Fact or Fiction?


One of my biggest pet peeves about Christian education today is that we're fictionalizing the Word of God. And then we wonder why people who've grown up in our ministries aren't sure if the Bible is completely true or not. (Barna cites study after study where even churched Christians don't accept that all of the Bible is true.) I think it's time we step back to see if perhaps we're reaping things we've sown into kids' worldviews.

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This Sunday, one of the 2-year-olds in my class brought me a book to read. He had several to choose from: Disney books, Sesame Street books, etc. The one he brought me was on Jonah. The only thing was that it was the "Alice in Bibleland storybooks series." No kidding! It exists! Alice (a fictional character) learns about real-life people that God interacted with. How is this 2-year-old supposed to know that Alice is fictional and Jonah isn't?

Add to that the lingo we use related to the Bible. We tell kids Bible "stories." We ask them which "character" in the Bible they most relate to. People, these aren't characters…they are real people who lived in history and had real things happen to them! We would never say "I'm going to tell you the story of Winston Churchill. He's an important character in the story of World War II." No! We'd say "Winston Churchill was an important man who lived during World War II." What happened to him was real–not a story like Big Bird going to a farm and learning about manners.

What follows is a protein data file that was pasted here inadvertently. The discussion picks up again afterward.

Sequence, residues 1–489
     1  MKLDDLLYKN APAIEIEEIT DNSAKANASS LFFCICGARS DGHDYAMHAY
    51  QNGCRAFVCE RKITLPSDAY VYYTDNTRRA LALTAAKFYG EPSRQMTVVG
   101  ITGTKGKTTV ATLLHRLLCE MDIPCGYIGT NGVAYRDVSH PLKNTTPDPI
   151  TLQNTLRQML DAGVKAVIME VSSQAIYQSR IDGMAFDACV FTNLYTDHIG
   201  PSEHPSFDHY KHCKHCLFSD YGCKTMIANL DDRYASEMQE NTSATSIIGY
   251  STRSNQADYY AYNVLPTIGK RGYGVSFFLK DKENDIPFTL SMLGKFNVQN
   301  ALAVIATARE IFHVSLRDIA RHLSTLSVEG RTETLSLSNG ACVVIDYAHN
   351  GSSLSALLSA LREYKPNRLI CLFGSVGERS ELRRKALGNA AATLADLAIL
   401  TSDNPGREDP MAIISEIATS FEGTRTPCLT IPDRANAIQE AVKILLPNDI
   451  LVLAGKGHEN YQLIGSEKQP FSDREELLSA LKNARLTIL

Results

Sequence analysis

What's to be done? I can tell you that from a publishing perspective, we're trying to clean up the way we refer to these real people and real historical accounts. But what else can be done? I remember long ago that a children's minister told me she wouldn't allow all the cartoon characters in her facility because it blurred the lines between fact and fiction. In my class, I've stopped calling it "storytime" and the "story rug," and instead call it "Bible time" and the "Bible time rug." Little things, but I think they may add up to cementing truth for our little ones.

What do you think? What can we do to help our children see that the Word of God is not a bunch of characters in stories…but it's the amazing retelling of God's movement with real people in real time–just like with us?

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About Author

Christine Yount Jones

Christine has more than 26 years of children’s ministry experience. She is the Executive Editor of Children’s Ministry Magazine, has authored many books and articles on children’s ministry, and serves as Group’s Children’s Ministry Champion. She’s responsible for development and innovation of new resources.

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